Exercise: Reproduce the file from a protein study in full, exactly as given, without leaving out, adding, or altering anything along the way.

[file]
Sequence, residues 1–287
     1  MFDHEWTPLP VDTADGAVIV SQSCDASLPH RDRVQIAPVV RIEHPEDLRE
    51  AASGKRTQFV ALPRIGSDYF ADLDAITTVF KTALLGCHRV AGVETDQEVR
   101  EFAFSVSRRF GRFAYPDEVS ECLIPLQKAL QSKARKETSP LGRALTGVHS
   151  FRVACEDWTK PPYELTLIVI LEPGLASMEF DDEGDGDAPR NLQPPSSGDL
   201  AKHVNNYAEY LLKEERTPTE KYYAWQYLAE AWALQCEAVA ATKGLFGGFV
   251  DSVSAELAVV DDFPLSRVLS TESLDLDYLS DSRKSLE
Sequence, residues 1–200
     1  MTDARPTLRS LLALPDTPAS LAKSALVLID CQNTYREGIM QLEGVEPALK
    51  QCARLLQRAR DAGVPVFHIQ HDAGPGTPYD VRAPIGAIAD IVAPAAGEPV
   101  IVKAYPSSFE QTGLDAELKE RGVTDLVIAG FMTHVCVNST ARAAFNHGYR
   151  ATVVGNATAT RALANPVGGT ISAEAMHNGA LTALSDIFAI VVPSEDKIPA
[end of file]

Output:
Sequence, residues 1–287
     1  MFDHEWTPLP VDTADGAVIV SQSCDASLPH RDRVQIAPVV RIEHPEDLRE
    51  AASGKRTQFV ALPRIGSDYF ADLDAITTVF KTALLGCHRV AGVETDQEVR
   101  EFAFSVSRRF GRFAYPDEVS ECLIPLQKAL QSKARKETSP LGRALTGVHS
   151  FRVACEDWTK PPYELTLIVI LEPGLASMEF DDEGDGDAPR NLQPPSSGDL
   201  AKHVNNYAEY LLKEERTPTE KYYAWQYLAE AWALQCEAVA ATKGLFGGFV
   251  DSVSAELAVV DDFPLSRVLS TESLDLDYLS DSRKSLE
Sequence, residues 1–200
     1  MTDARPTLRS LLALPDTPAS LAKSALVLID CQNTYREGIM QLEGVEPALK
    51  QCARLLQRAR DAGVPVFHIQ HDAGPGTPYD VRAPIGAIAD IVAPAAGEPV
   101  IVKAYPSSFE QTGLDAELKE RGVTDLVIAG FMTHVCVNST ARAAFNHGYR
   151  ATVVGNATAT RALANPVGGT ISAEAMHNGA LTALSDIFAI VVPSEDKIPA